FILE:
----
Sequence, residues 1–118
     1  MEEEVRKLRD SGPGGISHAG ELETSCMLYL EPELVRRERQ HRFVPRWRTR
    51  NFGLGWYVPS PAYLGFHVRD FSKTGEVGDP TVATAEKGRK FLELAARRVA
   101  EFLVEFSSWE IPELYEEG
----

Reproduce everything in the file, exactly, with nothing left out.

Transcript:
Sequence, residues 1–118
     1  MEEEVRKLRD SGPGGISHAG ELETSCMLYL EPELVRRERQ HRFVPRWRTR
    51  NFGLGWYVPS PAYLGFHVRD FSKTGEVGDP TVATAEKGRK FLELAARRVA
   101  EFLVEFSSWE IPELYEEG